AstraZeneca nixes beta COVID vax

Feb. 11, 2022

AstraZeneca has removed a next-generation, beta-specific COVID-19 vaccine from its pipeline after results from a phase 2/3 clinical trial showed 'no meaningful difference' from its predecessor, according to a quarterly report published by the company and statements made to Reuters. 

The vaccine, called AZD2816, was developed to provide increased protection against the beta variant, which was first identified in South Africa at the end of 2020. Clinical trials for the testing of AZD2816 began in June, enrolling 2250 patients. Patients, both vaccinated and unvaccinated, received a dose of the new drug during the study. 

When results from the trials came back, the company found AZD2816 did not yield an immune response different enough than its predecessor, Vaxzevria.

“There was no need to switch from one to the other because obviously switching vaccines at this stage is not an easy thing, from a manufacturing perspective, capacity perspective,” said Mene Pangalos, EVP biopharmaceutical R&D at AstraZeneca. “It would have to be really considerably better to make that switch,” he added.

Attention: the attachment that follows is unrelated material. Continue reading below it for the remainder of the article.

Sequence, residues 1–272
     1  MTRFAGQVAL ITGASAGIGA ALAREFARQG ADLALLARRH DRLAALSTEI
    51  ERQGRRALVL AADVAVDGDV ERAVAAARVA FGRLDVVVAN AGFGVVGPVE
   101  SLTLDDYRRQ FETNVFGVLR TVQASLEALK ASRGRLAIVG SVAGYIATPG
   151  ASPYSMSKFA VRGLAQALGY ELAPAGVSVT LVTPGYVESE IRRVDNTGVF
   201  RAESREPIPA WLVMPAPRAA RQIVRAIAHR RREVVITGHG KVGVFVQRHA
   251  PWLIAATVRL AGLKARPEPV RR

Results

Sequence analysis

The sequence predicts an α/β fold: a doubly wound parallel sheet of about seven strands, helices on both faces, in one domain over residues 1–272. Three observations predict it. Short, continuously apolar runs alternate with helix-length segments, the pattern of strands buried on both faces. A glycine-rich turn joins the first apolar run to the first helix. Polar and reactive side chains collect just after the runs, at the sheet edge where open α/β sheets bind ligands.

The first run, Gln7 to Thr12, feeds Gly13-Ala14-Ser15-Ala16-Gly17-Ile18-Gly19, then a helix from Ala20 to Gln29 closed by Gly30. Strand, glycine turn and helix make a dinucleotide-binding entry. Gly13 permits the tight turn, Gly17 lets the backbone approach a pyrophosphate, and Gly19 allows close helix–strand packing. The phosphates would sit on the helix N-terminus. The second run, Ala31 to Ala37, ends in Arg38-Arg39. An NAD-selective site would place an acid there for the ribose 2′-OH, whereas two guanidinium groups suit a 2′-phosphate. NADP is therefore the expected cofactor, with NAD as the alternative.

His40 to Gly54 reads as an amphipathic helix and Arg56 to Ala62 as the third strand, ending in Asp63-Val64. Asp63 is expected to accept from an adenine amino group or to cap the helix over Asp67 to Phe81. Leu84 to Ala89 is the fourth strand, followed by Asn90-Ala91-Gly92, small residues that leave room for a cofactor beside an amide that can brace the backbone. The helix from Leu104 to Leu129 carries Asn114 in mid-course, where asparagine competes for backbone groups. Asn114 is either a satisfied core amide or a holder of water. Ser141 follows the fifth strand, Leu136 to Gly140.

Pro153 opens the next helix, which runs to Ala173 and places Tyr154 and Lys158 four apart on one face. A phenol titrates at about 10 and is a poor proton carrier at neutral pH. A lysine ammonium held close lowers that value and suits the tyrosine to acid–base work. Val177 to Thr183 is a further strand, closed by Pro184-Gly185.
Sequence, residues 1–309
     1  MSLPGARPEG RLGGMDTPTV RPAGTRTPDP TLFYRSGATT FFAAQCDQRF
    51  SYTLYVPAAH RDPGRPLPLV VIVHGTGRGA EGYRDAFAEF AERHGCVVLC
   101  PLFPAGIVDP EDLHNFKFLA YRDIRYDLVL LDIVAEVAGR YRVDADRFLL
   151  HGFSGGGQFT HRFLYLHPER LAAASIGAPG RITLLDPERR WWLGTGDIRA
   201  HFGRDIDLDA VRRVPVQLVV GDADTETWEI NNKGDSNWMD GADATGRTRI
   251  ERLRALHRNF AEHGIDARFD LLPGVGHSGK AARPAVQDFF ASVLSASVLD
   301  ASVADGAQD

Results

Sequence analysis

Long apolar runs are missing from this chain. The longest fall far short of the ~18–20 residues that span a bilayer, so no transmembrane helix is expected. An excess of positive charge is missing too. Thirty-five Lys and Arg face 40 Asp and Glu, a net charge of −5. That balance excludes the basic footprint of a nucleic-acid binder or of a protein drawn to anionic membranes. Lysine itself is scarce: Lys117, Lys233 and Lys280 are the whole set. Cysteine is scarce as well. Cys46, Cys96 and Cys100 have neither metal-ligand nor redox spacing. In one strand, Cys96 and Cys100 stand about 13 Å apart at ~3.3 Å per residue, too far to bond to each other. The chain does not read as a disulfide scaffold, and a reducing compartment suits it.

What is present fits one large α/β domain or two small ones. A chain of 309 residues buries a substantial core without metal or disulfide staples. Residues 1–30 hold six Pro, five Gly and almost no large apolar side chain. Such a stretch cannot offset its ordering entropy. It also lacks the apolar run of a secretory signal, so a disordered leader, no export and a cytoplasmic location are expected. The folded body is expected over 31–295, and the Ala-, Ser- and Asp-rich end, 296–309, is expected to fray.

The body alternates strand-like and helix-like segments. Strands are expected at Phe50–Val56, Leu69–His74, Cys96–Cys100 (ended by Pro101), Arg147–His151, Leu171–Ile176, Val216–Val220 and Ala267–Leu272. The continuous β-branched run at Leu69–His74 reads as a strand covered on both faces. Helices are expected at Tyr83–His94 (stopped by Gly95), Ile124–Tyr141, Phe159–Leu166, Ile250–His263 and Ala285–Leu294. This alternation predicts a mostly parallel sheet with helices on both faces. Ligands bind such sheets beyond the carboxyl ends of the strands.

At the time that beta was identified, it was a concerning variant. The virus features multiple changes across the spike protein and seemed to render first-generation vaccines less effective. However, its threat was quickly overshadowed by the omicron variant, which accounts for almost 100% of new COVID-19 cases in the U.S. as of Jan. 22, according to the CDC. 

AstraZeneca’s Vaxzevria is not currently approved by the U.S. FDA. In March 2021, several European countries paused the use of the company’s vaccine after several reports of blood clots. Unlike Pfizer's and Moderna’s COVID-19 vaccines, AstraZeneca’s does not require ultra-cold storage making it a good option for countries that lack extensive healthcare infrastructure. Along with Johnson & Johnson’s one-shot COVID-19 dose, Vaxzevria has been essential in mitigating the vaccination rate gap in lower-income countries.